The election season is upon us! (We’re hoping that you’ve already taken the time to register to vote.) Soon Saint Electicus will shuffle down our ballot boxes, leaving us glad tidings and elected officials we’re not really satisfied with under the election tree. Be sure to leave a glass of milk and a plate of warm fresh bills for St. Elick!
The elections tend to stir up some intense feelings in a lot of people. Even some of our favorite musical acts can get caught up in the political fervor of it all. Sometimes this can be the catalyst to some great songwriting, inspiration to stoke the flames of creation! And sometimes, since many musicians are also public figures, these political utterances can inspire some statements that might make the most of us take pause, many of them happening in the past few months! Nicki Minaj anyone? Join us as we take a look into a few other notable musician’s political misadventures.
Dave Mustaine, integral figure in the history of heavy metal, is a wild man. As the frontman of Megadeth and ex-Metallica member, being an intense, outspoken individual comes with the stylistic territory. It’s also known that Mustaine has been a booster of some of the republican candidates for the presidency, at one point endorsing former candidate Rick Santorum. That said, many were still shocked at comments that Mustaine made during a concert in Thailand. Ranging from accusing the current presidential administration of orchestrating the tragic shootings in Aurora, Colo. and Oak Creek, Wis. to noting that, “it looks like [America is] turning into Nazi America,” Mustaine’s comments need to be heard to be believed.
Hank Williams Jr. is country royalty. Of that there is no doubt. In addition to his singing and recording career, Williams Jr. also runs his own label and occasionally tries his hand at political punditry. While making an appearance on Fox & Friends, the subject of President Obama’s recent golf game with Republican House Speaker John Boehner came up. And Williams Jr. certainly had something to say. Calling it “one of the biggest political mistakes ever,” Williams Jr. then took it a step further, saying, “It would be like Hitler playing golf with [Israeli Prime Minister Benjamin] Netanyahu, OK?” Williams Jr. would apologize soon after, calling his analogy “extreme”, the damage was already done; the most notable effect of the fallout was that Williams Jr’s song “All My Rowdy Friends” is no longer the theme song for Monday Night Football.
80s New Wave mainstays Devo have always been slightly oblique in the way they express their ideological opinions. Did you know that their name is derived from their half-joking assertion that mankind is regressing or DE-VOLVING? It’s true. But their sentiments were a bit clearer when they released “Don’t Roof Rack Me, Bro (Seamus Unleashed),” a track released during the height of the Mitt Romney “dog on the roof of the story” controversy. “Don’t Roof Rack Me, Bro” focuses on the perceived plight of Seamus the dog and while the group claimed that the song wasn’t explicitly political per se, Devo member Jerry Casale did cop to plans on voting for President Obama in the upcoming election. The track didn’t stir up a lot of dust though, probably because it’s just too catchy for someone to get angry over.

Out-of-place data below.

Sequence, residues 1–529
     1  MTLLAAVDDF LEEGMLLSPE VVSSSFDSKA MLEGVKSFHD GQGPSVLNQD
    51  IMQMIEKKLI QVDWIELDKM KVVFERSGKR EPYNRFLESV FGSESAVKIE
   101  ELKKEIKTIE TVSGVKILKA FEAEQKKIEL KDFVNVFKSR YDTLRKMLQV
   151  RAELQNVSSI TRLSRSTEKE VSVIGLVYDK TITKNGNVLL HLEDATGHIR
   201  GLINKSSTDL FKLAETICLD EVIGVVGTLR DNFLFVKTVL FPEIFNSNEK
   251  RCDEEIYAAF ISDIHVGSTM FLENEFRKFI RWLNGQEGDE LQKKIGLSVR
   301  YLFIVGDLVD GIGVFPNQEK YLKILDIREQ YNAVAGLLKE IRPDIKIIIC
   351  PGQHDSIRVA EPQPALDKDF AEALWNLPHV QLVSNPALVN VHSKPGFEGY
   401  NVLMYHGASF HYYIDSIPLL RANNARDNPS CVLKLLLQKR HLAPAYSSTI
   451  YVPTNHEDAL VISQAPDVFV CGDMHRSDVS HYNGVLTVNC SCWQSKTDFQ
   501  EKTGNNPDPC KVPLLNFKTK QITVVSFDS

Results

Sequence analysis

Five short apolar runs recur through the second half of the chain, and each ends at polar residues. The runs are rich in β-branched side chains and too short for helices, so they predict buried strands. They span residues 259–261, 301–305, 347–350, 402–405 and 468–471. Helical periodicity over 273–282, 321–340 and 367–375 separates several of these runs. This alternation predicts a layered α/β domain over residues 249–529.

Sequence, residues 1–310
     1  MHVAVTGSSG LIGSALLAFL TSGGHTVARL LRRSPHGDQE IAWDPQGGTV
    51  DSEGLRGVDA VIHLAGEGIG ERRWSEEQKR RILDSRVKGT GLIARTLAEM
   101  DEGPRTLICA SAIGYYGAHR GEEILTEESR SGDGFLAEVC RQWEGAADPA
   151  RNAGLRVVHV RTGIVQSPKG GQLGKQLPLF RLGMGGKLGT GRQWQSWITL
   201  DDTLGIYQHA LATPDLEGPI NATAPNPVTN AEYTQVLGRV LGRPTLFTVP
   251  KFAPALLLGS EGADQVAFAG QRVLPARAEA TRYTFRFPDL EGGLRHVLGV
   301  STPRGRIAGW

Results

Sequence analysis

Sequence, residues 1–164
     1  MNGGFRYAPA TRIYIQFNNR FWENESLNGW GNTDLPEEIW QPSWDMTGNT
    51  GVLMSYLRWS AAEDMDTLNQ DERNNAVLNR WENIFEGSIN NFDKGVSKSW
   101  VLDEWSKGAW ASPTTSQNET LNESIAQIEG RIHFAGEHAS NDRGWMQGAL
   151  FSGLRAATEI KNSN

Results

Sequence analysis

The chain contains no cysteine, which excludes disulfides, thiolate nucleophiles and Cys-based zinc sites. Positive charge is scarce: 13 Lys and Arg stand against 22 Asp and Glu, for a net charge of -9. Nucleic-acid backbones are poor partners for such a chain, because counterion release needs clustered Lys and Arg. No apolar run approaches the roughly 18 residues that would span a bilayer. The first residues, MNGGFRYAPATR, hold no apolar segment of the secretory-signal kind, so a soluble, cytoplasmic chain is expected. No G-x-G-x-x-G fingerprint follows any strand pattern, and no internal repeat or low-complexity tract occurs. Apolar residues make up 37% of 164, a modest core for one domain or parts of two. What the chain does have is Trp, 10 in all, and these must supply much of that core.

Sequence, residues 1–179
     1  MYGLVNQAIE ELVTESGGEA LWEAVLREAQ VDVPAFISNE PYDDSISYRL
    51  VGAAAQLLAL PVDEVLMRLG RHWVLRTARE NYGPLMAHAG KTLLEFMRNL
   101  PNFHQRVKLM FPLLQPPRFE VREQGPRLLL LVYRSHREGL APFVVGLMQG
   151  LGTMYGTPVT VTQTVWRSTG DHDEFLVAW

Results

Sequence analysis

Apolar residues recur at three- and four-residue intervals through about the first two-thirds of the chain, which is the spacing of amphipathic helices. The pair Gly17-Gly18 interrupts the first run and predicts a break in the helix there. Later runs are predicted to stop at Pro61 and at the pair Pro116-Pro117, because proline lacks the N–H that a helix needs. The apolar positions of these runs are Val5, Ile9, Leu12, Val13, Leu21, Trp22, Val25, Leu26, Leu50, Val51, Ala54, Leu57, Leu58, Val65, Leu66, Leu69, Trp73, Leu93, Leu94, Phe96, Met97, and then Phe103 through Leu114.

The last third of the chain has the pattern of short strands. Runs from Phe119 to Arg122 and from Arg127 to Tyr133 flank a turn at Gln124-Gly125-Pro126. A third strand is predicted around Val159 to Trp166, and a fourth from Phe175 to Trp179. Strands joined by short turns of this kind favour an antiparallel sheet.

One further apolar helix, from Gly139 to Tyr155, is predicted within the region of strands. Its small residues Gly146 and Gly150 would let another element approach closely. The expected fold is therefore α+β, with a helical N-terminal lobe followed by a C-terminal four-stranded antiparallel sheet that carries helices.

Madonna is never one to shy away from controversy. Never. Even into the fourth decade of her career Madge is still pretty adept at netting some attention grabbing headlines. Her current MDNA tour is a prime example of this, with Madonna initially inciting French conservatives after having an image swastika superimposed onto the forehead of a prominent far-right leader. Well, that didn’t get as much play over here in the states as her statements from last week. “We have a black Muslim in the White House,” said Madonna. “Now that is some amazing shit.” What’s amazing is that Madonna had the temerity to say that while on performing in Washington. For the record, Madonna backpedaled on her “joke” by the next day. And that is an Obama “tramp stamp” on Madonna’s back.
The Roots might not be touring or recording as much as we would like them to be. But they’re still the best band on late night television as the house act for the Late Show With Jimmy Fallon. And that position comes with a few responsibilities. Mingling with celebrity guests, keeping the audience hyped between commercial breaks, netting a hefty paycheck with a steady paying gig… it’s hard, unrewarding work to be sure. One night the band did land themselves in a bit of hot water as they introduced Michele Bachmann, then running for the Republican nomination for presidential candidate. Like all guests, Bachmann received an instrumental intro as she came out to meet Fallon. The song The Roots played to walk Bachmann out to the room with? A deep cut from ska act Fishbone’s 1985 EP of the same name called “Lyin’ Ass Bitch.” Coincidence? The band received some mild criticism in the media but the social media backlash was much more pronounced. Roots drummer ?uestlove would later say that the song choice was, “absolutely not” worth it. Check out hazy footage of the video below.
Got any more musically-related moments of political controversy? Let us know in the comments!
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